Parents, Don't Let Your Children Watch Powerpuff Girls or They'll be Communists
Regular readers may notice that I've managed to already turn my three-year-old into a little Whovian, and thus may envy me that I get to watch Daleks and Cybermen with her rather than other children's fare. The sad truth is, though, that she calls just as equally for My Little Pony: Friendship is Magic. We've watched every single episode on Netflix streaming... twice.
In a desperate bid to not hear the name Pinkie Pie anymore, I noticed that Powerpuff Girls was also available for streaming. I bribed the little one, and then proceeded to once again follow an animated series from front to back.
And frankly, I really wish I hadn't done that because Powerpuff Girls is a terrible show to expose your children to.
"But wait, With One F," you say sputtering with anger. "That's horse hockey. It's a trio of little girl superheroes. That's empowering right there!"
Let's set aside the fact that we have a girl superhero team for a bit here. My daughter has Dora and Kai-Lan and Abby Cadabby and Daphne Blake and a whole host of plucky young Miyazaki heroines to choose from. She associates the word "princess" with "sword-wielding adventuress." Her daycare provider teaches karate, and her mom does science while dad does the dishes. She's not so hard up for empowering figures that I'll allow just whatever.
Besides, just how empowering are the Powerpuff Girls? No matter what happens they spend the entire run of the show at the beck and call of two male figures, Professor Utonium and the Mayor. Granted, they're in grade school and grade school girls should do what their dads tell them, but let's look at the other part of the coin.
The Mayor is a blithely ineffectual nincompoop who can't solve the slightest problem. Behind him is Ms. Sara Bellum, his assistant who is the real brains behind the Townsville government.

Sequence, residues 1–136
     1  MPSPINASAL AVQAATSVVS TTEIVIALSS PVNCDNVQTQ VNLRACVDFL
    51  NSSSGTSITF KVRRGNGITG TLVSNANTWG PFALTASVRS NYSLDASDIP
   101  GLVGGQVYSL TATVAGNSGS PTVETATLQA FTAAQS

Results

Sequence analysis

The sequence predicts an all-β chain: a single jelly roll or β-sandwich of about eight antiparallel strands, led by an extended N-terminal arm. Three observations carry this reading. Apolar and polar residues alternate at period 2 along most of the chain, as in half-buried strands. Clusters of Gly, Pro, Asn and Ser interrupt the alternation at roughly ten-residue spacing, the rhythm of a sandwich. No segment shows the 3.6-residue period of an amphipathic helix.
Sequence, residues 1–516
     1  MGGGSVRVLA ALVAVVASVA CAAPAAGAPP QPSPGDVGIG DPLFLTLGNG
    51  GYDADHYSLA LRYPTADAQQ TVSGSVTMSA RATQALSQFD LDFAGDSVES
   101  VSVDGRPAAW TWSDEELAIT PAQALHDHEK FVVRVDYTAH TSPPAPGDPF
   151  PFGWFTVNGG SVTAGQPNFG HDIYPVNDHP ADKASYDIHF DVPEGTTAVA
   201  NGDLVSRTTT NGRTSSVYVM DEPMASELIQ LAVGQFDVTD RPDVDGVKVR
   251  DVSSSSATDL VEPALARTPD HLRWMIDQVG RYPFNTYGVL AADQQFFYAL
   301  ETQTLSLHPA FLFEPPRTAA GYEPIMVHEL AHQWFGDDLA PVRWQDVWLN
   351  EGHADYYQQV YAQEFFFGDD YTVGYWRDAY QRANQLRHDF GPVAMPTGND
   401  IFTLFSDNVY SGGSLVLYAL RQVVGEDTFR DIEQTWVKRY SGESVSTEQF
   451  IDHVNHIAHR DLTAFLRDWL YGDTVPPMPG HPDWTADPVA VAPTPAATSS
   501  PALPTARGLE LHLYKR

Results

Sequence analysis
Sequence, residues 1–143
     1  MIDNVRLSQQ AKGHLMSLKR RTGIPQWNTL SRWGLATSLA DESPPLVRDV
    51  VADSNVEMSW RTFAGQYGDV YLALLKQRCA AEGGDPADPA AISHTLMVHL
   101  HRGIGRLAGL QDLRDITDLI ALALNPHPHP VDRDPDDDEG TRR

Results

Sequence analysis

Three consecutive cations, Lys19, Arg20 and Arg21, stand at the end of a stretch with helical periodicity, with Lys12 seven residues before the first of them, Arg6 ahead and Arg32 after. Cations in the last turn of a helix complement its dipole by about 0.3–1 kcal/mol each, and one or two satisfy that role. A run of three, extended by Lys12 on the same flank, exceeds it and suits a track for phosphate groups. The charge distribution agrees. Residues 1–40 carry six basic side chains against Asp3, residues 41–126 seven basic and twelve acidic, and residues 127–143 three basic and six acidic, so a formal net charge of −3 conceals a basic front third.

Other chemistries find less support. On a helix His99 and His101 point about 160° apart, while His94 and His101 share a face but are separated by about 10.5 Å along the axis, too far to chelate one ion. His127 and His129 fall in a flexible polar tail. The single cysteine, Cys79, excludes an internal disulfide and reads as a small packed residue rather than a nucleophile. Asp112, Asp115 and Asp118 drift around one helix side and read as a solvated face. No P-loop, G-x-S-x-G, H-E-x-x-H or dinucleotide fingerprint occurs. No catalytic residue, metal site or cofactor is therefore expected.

Ms. Bellum is probably the absolute worst figure you could expose a young girl to. You almost never see her real face. Instead she exists from the neck down as the Mayor's overly-sexualized ornament. She's a caricature of vivaciousness that sets up as laughable a body aesthetic as any Barbie Doll. Worse, Barbie in her CGI adventures looks way more normal than Bellum does.
While she may be effective, she remains weirdly hamstrung to the male authority of the Mayor. She refuses to assume command even when it's clearly needed, and in an alternate world where the Powerpuff Girls left Townsville she spends her old age muttering incoherently about him as the city crumbles around her. She's more than capable of handling issues, but without a man to tell her it's OK she snaps.
That episode ("Speed Demon"), by the way, is the one that really convinced me that the Powerpuff Girls was a really bad influence. Not because of Ms. Bellum, but because the show routinely teaches absolutely horrifying lessons.